Thursday, April 14, 2016

Cassopolis, Michigan

Battle Creek, otherwise known as Cereal City thanks to its being the headquarters for Kellogg's, Post and Ralston, boasts a Carnegie-era library dating to 1905.  It bears the name of Charles Willard, who donated $75,000 for its construction. Willard's family had vast agricultural holdings and owned the local newspaper.  The library's brief biography of Willard made no mention of his being inspired by Carnegie or if he provided the funds after the city failed to win a contribution from Carnegie or if local sentiment against Carnegie blocked it from making a request of him.  Jackson, Lansing, Ann Arbor and other nearby towns all built Carnegie-funded libraries at this time.  None of the young librarians had an answer, nor even knew who Willard was, having to resort to their computers to fill me in.

Though Battle Creek's library bore a semblance to a Carnegie with pillars and fine brick and granite construction, it lacked that mysterious dash of elegance and warmth and quiet grace that characterize Carnegies. How Carnegies attained such a quality is difficult to explain.  It can't necessarily be attributed to their architects, as they had no set design and just the barest of instructions from Carnegie.  Whether the libraries exuded their special dignified aura upon completion or if it was something they acquired over the years is another mystery.  It might be argued that generations of pleased patrons lent the libraries their rarefied air.  It is a sense that touches me at every Carnegie I visit, as if they are a soulful vortex, and that I may well transport from Carnegie to Carnegie.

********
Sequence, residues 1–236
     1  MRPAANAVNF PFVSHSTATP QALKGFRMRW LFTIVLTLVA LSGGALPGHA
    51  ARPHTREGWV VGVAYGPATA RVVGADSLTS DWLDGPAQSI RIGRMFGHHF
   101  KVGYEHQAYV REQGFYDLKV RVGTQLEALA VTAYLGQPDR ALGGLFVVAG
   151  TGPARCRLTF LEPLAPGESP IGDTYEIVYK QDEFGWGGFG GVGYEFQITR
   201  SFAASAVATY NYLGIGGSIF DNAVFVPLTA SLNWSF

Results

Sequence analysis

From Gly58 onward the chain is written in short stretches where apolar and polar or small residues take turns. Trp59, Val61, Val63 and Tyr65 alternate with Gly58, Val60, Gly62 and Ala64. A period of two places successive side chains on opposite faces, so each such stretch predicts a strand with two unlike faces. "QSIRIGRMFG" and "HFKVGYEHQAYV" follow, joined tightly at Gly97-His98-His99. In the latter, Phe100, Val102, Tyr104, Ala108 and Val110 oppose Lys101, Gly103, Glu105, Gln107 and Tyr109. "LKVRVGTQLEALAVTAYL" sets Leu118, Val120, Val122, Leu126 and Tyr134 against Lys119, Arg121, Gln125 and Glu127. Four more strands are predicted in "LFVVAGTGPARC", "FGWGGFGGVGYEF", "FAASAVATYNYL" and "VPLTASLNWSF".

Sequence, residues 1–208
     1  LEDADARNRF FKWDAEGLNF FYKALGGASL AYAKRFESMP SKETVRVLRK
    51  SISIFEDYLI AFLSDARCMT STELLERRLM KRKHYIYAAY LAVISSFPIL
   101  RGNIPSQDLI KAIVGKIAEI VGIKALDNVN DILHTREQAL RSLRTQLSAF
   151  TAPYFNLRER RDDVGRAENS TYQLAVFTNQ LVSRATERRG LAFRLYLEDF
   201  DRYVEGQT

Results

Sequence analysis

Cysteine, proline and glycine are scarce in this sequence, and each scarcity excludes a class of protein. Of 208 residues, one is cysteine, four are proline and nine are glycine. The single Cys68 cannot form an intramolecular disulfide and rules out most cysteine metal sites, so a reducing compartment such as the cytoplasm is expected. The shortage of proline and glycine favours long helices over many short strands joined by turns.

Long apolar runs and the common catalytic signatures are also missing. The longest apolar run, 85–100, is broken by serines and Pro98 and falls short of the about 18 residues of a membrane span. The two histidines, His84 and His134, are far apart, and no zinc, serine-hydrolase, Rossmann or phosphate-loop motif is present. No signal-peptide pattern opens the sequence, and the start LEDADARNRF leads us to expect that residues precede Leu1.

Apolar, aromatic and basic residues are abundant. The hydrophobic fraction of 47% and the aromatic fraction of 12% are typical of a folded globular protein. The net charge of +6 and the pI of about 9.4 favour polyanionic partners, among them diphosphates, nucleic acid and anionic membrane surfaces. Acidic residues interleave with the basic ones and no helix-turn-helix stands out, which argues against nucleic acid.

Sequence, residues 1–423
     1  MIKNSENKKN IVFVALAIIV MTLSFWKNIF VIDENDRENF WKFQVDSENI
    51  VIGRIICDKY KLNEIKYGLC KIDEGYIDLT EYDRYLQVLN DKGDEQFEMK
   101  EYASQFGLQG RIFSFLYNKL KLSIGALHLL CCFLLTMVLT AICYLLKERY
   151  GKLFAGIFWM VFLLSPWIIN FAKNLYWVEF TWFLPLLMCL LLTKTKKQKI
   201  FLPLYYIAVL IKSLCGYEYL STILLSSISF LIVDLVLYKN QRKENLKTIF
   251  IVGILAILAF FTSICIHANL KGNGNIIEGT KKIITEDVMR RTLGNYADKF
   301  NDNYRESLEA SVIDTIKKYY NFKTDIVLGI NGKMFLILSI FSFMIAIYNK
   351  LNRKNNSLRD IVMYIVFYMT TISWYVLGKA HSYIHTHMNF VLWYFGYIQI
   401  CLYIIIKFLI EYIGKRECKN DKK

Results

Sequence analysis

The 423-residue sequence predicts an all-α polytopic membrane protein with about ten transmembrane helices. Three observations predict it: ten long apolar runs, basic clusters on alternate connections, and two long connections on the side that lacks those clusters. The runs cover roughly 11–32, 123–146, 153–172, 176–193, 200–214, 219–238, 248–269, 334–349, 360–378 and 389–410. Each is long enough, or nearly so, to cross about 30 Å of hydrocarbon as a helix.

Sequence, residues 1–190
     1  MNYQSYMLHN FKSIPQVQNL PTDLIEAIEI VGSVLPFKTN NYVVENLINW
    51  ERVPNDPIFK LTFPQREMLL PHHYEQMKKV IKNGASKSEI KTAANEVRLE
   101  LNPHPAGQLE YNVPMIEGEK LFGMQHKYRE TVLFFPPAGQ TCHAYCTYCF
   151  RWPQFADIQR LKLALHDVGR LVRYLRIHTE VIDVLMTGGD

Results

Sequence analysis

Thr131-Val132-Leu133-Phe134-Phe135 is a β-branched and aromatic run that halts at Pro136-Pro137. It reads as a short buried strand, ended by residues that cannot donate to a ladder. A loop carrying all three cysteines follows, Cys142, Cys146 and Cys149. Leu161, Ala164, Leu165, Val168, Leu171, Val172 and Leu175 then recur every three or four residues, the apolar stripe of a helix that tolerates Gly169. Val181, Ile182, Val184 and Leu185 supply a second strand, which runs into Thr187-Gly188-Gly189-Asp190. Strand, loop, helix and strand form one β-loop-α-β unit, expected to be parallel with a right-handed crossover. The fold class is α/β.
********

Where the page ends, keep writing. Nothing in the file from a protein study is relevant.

I was conveying an extra strong degree of well-being after an evening in Battle Creek visiting Kirk, a long-time compatriot and cinephile extraordinaire from Chicago who had moved back to the home he grew up in last summer.  Kirk had overseen the pair of cinemas of Facets Multimedia for a couple of decades.  He was much beloved by the many who served under him selling tickets and concessions at the box office.  It was a very sad day when his tenure came to an end several years ago.  It tore the hearts out of all us volunteers.  Facets hasn't been the same since. Whether the movie being screened was good or bad, it was always a fine evening when one could spend some time with Kirk.